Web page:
Question Will I get full 1200 Mbps Wi-Fi connection?

Aug 5, 2022
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Hi!
I have MSI Z690 A PRO motherboard with 2.5 Gbps LAN port, which is connected via CAT-5e cable to ASUS AX58U router, which supports wifi-6 and has 4 1-Gigabit ports.
I use that to wirelessly play VR games on my Quest 2 headset which supports up to 1200 Mbps wi-fi speed.
The router is in the same room and roughly 2-3 meters from my playing zone.
My question is, assuming all hardware is working properly, since 1200 Mbps is technically more that 1 Gigabit, does this setup give me full 1200 Mbps bandwidth or am I bottlenecked by cat-5e or 1-Gigabit LAN ports on my router? If the answer is "Potentially yes", how do I test it?
 
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Not even close. Wifi like to tell many lies the biggest is they add transmit and receive speed. This would be like calling a ethernet cable 2gbit. Wifi is half duplex so only 1 device can transmit at a time so you can not have both at the same time. Ethernet actually can has 2gbit of bandwidth at one instance even though nobody every calls it that.

Next to get the 1200 number wifi6 uses a very dense data encoding called Qam1024. This work only for fairly short distances. It most times only works in the same room.

Maybe if you are lucky you get 600mbps. I don't know how much data a quest2 can even use. Most times you only need high data rates for downloading big games.
 

helpstar

Polypheme
Probably no, 1200 is more a theoretical value of speed the hardware could transfer. The Lan ports are wired and usually faster and more stable than wifi, even 1200 ones.
You can see the actual speed in windows itself, within the properties of the wifi connection or windows task manager performance tab
 

USAFRet

Titan
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Mar 16, 2013
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And even if the WiFi performance were "1200mbps" (it isn't, probably not even half that)...there is zero user perceptible difference between 1200mbps and 1000mbps(gigabit).

This is like comparing 2 cars.
One with a top speed of 140mph, and the other with a top speed of 155mph.
At the track, on a perfect day, in perfect conditions....maybe.
 
Aug 5, 2022
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And even if the WiFi performance were "1200mbps" (it isn't, probably not even half that)...there is zero user perceptible difference between 1200mbps and 1000mbps(gigabit).

This is like comparing 2 cars.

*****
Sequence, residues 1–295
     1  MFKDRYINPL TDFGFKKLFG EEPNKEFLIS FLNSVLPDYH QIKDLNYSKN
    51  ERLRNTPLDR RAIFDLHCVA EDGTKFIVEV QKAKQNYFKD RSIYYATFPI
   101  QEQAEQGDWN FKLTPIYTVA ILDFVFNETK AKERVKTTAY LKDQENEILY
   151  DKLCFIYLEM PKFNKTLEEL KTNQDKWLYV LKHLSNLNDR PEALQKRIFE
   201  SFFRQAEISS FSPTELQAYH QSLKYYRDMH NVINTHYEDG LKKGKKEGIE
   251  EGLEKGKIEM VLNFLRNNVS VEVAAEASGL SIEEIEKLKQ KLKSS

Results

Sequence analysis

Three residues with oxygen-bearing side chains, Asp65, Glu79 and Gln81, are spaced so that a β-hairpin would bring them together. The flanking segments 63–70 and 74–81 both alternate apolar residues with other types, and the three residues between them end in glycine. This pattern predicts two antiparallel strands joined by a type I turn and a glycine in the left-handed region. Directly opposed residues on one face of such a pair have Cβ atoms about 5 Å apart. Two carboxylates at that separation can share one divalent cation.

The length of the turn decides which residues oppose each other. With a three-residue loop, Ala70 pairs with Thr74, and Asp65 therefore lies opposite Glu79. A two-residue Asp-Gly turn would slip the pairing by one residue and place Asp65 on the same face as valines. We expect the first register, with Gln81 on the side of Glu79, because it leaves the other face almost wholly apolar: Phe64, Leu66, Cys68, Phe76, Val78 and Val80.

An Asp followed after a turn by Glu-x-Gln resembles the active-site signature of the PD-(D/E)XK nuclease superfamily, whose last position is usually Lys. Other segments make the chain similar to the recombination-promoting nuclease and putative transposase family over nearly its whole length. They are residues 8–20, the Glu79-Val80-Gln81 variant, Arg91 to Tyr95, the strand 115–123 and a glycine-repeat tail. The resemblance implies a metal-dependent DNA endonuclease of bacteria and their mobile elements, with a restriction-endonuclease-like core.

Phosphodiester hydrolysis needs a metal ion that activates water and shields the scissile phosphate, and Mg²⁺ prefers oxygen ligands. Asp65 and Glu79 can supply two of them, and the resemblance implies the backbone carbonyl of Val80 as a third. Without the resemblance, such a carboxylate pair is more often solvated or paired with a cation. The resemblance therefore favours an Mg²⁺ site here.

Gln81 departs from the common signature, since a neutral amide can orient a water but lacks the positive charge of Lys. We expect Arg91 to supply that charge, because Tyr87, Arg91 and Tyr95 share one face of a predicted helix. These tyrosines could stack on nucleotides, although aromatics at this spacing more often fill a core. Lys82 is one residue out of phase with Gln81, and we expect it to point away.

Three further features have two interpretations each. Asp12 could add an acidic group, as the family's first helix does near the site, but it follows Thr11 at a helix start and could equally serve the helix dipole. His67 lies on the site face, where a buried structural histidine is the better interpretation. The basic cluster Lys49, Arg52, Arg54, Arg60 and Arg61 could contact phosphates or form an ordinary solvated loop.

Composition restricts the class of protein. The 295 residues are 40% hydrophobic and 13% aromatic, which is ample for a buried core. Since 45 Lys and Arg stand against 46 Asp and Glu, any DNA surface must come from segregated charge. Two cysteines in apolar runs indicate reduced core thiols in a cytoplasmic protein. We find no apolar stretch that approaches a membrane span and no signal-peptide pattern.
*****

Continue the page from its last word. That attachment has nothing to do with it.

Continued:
One with a top speed of 140mph, and the other with a top speed of 155mph.
At the track, on a perfect day, in perfect conditions....maybe.
Well, I am trying to make conditions as perfect as possible) I have seen lower latency and significant increase in stability upgrading from good wi-fi 5 router (which is rated 866 mbps) to good wi-fi 6 router, and if this increase was so noticeable even with additional 134 mbps, getting these extra 200 mbps would be really nice)
 

USAFRet

Titan
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Well, I am trying to make conditions as perfect as possible) I have seen lower latency and significant increase in stability upgrading from good wi-fi 5 router (which is rated 866 mbps) to good wi-fi 6 router, and if this increase was so noticeable even with additional 134 mbps, getting these extra 200 mbps would be really nice)
Wired via good quality Cat5e completely trumps any WiFi.
 
I doubt he can use a ethernet cable with a VR headset but I suspect this is mostly the standard people think bigger numbers are better and convince themselves that the money they spent got them something with no science to back it. I don't know how much bandwidth a VR headset uses but they would not sell many of everyone had to have a top end router that costs as much as the headset to use it.
 
Aug 5, 2022
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I doubt he can use a ethernet cable with a VR headset but I suspect this is mostly the standard people think bigger numbers are better and convince themselves that the money they spent got them something with no science to back it. I don't know how much bandwidth a VR headset uses but they would not sell many of everyone had to have a top end router that costs as much as the headset to use it.
If you read my question carefully, you'd see that ethernet cable mentioned is between a PC and a router, not headset. Router was a gift and it costs less than half of the headset.
You do not need a good router to use this headset, in fact, you don't need any network at all if you only play standalone single player games. Fast connection is only needed to play PCVR games on Quest and it can use up to 3 Gbps bandwidth via cable, so there is plenty of headroom for wi-fi improvement. Having a good router does improve stability and therefore allows to push bitrate higher (which reduces compression artifacts) before connection becomes unstable again. This was proven by multiple users, reviews and Oculus themselves, and it was noticeable even for me. Science(or math, I'd say) behind that is not hard and it corresponds with real-life results.
Please read questions carefully and make sure you know what you are talking about before replying.
 
I did read your question carefully and clearly told you that you are not going to get anywhere close to 1200. This is even if you buy the $700 routers that have numbers of claiming 16gbit the quest2 wifi is the bottleneck.

User reviews are OPINIONS not facts and you are talking about subjective things that have no way to quantify them.

You can check the facts I gave you very easily just learn how wifi data is encoded rather than reading garbage from users who have no clue. When you can come back and explain why many wifi6 devices only run 80mhz rather than 160mhz then maybe your opinion would slightly matter.
 

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